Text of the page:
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Dynamic Patterns of Human Rights Practices*

  • Keith E. Schnakenberg and Christopher J. Fariss


The science of human rights requires valid comparisons of repression levels across time and space. Though extensive data collection efforts have made such comparisons possible in principle, statistical measures based on simple additive scales made them rare in practice. This article uses a dynamic measurement model that contrasts with current approaches by (1) accounting for the fact that human rights indicators vary in the level of information they provide about the latent level of repression, (2) allowing realistic descriptions of measurement uncertainty in the form of credible intervals and (3) providing a theoretical motivation for modeling temporal dependence in human rights levels. It presents several techniques, which demonstrate that the dynamic ordinal item-response theory model outperforms its static counterpart.



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*Keith Schnakenberg is a graduate student in the Department of Political Science at Washington University, St. Louis ( Christopher Fariss is an Assistant Professor in the Department of Political Science, Pennsylvania State University ( We thank Chad Clay, Jesse Driscoll, James Fowler, Jeff Gill, Miles Kahler, David Lake, Yon Lupu, Will Moore, Amanda Murdie, David Richards, Guillermo Rosas and Sebastian Saiegh for helpful comments. Earlier versions of this paper were presented at the 2012 meeting of the Midwestern Political Science Association, the 2012 meeting of the International Studies Association, the 2011 meeting of the American Political Science Association and the 2010 meeting of the Southern Political Science Association. We would also like to acknowledge the Southern Political Science Association for travel grants. The data and code used in this paper and the latent variable estimates from the dynamic models are publicly available at Both authors contributed to the study design, data collection, analysis and preparation of the manuscript.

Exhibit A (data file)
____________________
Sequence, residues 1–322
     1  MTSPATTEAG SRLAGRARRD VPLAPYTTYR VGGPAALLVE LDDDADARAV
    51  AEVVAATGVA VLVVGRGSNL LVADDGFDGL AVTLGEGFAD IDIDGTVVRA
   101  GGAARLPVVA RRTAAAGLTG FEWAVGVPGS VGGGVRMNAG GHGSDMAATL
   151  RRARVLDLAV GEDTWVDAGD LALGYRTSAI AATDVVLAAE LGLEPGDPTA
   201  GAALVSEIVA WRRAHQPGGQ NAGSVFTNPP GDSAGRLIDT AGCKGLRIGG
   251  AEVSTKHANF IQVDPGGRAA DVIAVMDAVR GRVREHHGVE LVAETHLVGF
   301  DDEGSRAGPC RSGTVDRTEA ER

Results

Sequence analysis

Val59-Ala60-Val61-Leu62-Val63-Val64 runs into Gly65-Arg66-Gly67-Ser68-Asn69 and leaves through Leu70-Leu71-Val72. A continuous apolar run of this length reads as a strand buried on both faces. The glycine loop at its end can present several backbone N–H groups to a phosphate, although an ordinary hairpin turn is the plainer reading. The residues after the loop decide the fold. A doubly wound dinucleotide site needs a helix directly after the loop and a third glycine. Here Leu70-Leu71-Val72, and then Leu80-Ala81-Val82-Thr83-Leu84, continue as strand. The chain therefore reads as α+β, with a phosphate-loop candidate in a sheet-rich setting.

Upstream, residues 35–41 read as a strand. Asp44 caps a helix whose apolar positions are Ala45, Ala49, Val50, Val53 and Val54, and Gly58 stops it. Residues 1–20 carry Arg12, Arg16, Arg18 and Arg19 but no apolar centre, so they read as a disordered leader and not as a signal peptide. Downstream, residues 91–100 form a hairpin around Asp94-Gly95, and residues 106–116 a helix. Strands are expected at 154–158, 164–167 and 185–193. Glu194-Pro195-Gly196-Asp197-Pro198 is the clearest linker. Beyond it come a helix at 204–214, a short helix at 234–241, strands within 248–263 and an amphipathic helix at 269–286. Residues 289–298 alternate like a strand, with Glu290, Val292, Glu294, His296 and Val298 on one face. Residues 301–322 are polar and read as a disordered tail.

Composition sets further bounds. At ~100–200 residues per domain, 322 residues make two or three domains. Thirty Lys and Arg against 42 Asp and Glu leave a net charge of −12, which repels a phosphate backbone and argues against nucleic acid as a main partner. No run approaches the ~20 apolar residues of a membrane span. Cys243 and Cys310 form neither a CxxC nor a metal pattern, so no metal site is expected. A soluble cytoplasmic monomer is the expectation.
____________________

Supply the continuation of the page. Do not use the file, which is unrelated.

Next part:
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Dynamic Patterns of Human Rights Practices*

  • Keith E. Schnakenberg and Christopher J. Fariss


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